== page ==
Mask mandates and recommendations are in almost constant flux across the country. States, counties, and municipalities are updating rules all the time. Below are updates for states in the Employers Council region. Before reading those, however, employers should remember that the OSHA mask standards have not changed. OSHA’s guidance (based on CDC recommendations) continues to highlight the importance of face coverings (masks) in the workplace. Specifically, employers should require the use of face coverings unless their work requires a more protective alternative (i.e. respirator.) OSHA also says employers should provide these face coverings at no cost to workers. At this time, private businesses may want to continue OSHA safety protocols for employees and customers for now.
On May 2, 2021, the Colorado Department of Public Health and Environment (CDPHE) issued Amended Public Health Order (PHO) 20-38 following Governor Polis’s Executive Order D 2021-095, making changes to mask requirements in public indoor spaces. Public indoor space means any enclosed indoor area that is publicly or privately owned, managed, or operated to which individuals have access by right or by invitation, expressed or implied, and that is accessible to the public, serves as a place of employment, or is an entity providing services. Public indoor space does not mean a person’s residence, including a room in a motel or hotel or a residential room for students at an educational facility.
The order allows for:
- no masking in public indoor spaces if 80% or more of the individuals in a public indoor space have provided proof of vaccination, and
- restaurant employees to not wear masks if 85% of a restaurant’s employees are fully vaccinated.
A spokesperson for the governor said that proof could be in the form of a vaccination card, a picture of the card on a cell phone, or a copy of a person’s immunization records. With that in mind, employers will need to decide whether they want to go the route of requiring employees to prove their vaccination status, as the requirement will have to be applied universally. An honor system will not be sufficient.
Employers are strongly encouraged to provide reasonable work accommodations, including accommodations under the Americans with Disabilities Act (ADA) for individuals who cannot obtain access to a COVID-19 vaccine or who, for medical or other legal reasons, cannot take a COVID-19 vaccine.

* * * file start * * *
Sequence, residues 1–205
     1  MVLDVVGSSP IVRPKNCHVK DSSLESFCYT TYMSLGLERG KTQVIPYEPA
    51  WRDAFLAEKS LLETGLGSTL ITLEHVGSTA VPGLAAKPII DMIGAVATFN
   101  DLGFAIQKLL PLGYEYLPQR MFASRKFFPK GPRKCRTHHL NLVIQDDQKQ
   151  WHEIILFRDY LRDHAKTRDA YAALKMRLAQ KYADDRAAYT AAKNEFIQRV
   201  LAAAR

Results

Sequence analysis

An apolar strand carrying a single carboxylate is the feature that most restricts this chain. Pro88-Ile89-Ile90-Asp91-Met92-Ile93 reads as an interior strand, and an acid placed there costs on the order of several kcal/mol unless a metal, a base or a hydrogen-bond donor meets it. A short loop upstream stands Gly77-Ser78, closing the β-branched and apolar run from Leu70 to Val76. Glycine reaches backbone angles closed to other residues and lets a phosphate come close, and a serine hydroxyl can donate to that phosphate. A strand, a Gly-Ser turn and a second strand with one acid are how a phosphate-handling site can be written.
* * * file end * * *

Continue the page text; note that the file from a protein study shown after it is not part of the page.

Organizations in the following industries must continue 100% mask-wearing:
- Preschool through grade 12 schools (including extracurricular activities), child care centers and services, and indoor children’s camps;
- Public areas of state government facilities, and areas in state government facilities where members of the public come into contact with state government employees;
- Congregate care facilities, including nursing facilities, assisted living residences, intermediate care facilities, and group homes;
- Emergency medical and other healthcare settings (including hospitals, ambulance service centers, urgent care centers, non-ambulatory surgical structures, clinics, doctors’ offices, and non-urgent care medical structures); Personal services; and
- Limited healthcare settings.
The order expires May 15, 2021, unless further extended or amended. In addition to all the above, counties and municipalities may have stricter requirements, so know your local ordinances as well.
Resources for other states can be found here:
Governor Doug Ducey issued an executive order on March 25 lifting all state COVID-19 restrictions on businesses and barring cities and counties from enforcing mask mandates except in government buildings and public transit. Previously, Arizona required face-covering for employees and customers of barbers and cosmetologists, and several jurisdictions, including the state’s largest counties, had full mask orders in place.
Learn more: Read Governor Ducey’s order ending COVID-19 restrictions.
New Mexico has had a mask requirement in place since May 16. Unlike in most states, it applies to people while exercising in gyms, a restriction Gov. Michelle Lujan Grisham added in July. She has ordered that the state “aggressively enforce” the rule, with violators subject to a $100 fine and retailers required to ensure customers are wearing masks.
Learn more: Read New Mexico’s mask order.
Utah’s 5-month-old face-covering mandate ended April 10 under state legislation that phases out various COVID-19 public health restrictions. Masks are still required in K-12 schools and at gatherings of 50 or more people where social distancing is not possible. Local governments may set their own mask rules, and face-covering is mandated in public places in Salt Lake City.
Learn more: Read Utah’s state law curbing mask mandates and other pandemic emergency orders.
Gov. Mark Gordon rescinded the state’s 3-month-old mask mandate on March 16. The state health department continues to recommend mask use in public places “when common-sense physical distancing cannot be maintained.” A face-covering requirement remains in place for K-12 schools.
Learn more: Read Wyoming’s latest public health order.
In addition to all the above, counties and municipalities may have stricter requirements, so know your local ordinances as well.